Link Between Cancer and Binge Drinking Could Influence College Students


Researchers at the University of Buffalo are now suggesting that educating college students about the potential link between cancer and binge drinking could influence their over-indulgence. With about half of all college students nationwide acknowledging that they binge drink, and more than 90 percent of the drinking done under the age of 21 consisting of binge drinking, solutions have long been sought to adequately address the problem. Traditional approaches have relied on warnings about the hazards of  behaviors such as drunk driving and unprotected sex but have seemingly had little impact on the epidemic of binge drinking that presents a significant threat to the health of young people.

A new study suggests that educating students about the threat of long-term health effects like cancer, that can result from binge drinking, may be more effective in curbing the disturbing behavior that has become the norm for so many students today.

The study involved 116 students between the ages of 17 and 24. They were asked to answer questions online about whether drinking was associated with an increased risk for cancer, how much of a risk it was, and how much they expected to drink in the upcoming month. They were also shown messages about the risks of cancer associated with alcohol in a variety of formats. Those students who believed that there was a significant risk of cancer associated with drinking were those the least likely to over-indulge.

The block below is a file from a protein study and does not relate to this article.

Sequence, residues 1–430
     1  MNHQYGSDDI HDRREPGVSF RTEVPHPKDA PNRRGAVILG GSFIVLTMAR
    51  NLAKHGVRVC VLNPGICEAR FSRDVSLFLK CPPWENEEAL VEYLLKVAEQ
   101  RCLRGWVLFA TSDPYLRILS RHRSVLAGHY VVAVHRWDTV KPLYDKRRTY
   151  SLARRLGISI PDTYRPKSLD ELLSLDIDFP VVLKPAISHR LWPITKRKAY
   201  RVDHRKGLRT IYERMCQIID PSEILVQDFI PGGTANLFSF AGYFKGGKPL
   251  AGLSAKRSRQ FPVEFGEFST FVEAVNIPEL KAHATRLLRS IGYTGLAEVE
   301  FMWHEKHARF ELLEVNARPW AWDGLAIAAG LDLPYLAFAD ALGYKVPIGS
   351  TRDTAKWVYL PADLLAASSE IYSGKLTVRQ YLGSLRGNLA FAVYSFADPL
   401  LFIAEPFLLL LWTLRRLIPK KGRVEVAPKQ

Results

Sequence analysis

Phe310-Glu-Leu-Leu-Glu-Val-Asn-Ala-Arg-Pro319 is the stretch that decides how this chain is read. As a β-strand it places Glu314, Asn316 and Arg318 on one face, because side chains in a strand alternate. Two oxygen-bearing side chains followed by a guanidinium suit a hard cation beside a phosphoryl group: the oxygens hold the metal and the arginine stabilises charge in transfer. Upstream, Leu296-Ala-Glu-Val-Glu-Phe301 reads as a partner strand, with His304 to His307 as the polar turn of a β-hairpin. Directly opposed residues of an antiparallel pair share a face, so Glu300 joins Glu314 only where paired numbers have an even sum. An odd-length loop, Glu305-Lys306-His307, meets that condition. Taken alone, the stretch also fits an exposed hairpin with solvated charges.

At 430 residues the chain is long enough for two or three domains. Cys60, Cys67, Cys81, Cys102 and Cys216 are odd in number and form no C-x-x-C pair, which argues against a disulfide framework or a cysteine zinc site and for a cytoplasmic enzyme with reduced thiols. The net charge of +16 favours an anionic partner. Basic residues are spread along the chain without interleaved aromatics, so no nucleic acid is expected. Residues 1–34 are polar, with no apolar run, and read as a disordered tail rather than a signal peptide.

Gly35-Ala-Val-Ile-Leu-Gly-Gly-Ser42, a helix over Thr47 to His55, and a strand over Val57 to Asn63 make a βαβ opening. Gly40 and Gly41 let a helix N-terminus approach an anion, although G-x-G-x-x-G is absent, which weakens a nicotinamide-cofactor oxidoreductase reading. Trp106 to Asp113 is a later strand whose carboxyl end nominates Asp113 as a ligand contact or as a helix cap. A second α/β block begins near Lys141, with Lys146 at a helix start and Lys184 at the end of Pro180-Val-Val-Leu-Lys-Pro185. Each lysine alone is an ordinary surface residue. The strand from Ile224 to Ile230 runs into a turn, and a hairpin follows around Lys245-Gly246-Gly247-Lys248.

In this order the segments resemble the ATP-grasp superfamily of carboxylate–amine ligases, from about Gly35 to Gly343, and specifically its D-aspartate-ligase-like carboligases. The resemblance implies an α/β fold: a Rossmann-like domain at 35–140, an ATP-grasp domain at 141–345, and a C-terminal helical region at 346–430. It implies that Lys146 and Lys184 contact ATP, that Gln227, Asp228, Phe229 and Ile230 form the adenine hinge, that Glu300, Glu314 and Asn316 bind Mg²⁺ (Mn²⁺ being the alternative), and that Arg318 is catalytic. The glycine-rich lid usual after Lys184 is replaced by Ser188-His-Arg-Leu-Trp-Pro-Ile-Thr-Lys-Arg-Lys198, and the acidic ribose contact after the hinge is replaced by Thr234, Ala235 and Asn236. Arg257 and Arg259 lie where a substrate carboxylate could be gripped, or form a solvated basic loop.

One explanation for why education about the link between cancer and binge drinking might influence the amount that college students drink is that it would be a novel approach from the same tired messages students have received repeatedly for years about unsafe sex and drunk driving. The study also revealed that using visual aids and specific graphs and statistics, rather than a single approach, may be more effective in getting a message across to students.

The link between cancer and alcohol is real. Approximately 3.5 percent of cancer deaths in the U.S. were attributed in some way to alcohol in 2009, and studies suggest that their is a 13 percent increase in the risk of breast cancer for women who drink every day. Alcohol has also been just recently linked to a variety of other specific types of cancer including cancer of the pancreas and liver.

Not all experts agree, however, that educating students about the risk of cancer will curb binge drinking. Some feel that college students are unlikely to be impacted by such messages because they feel invincible at a young age and because the immediate social rewards gained by indulging in such behavior have much more influence on behavior than the threat of disease that could be decades off.

While inducing fear can be an effective way to curb the problem of binge drinking, some say, the fear has to be of something that the college students are currently afraid of, rather than the threat of a possible link between cancer and excessive alcohol consumption far into the future. Joyce Wolburn of Marquette University says that she believes that campaigns that focus on the potential negative social repercussions of excessive drinking and of being a “bad drunk” are likely to be most effective for this demographic.

By Michele Wessel



Medical Daily

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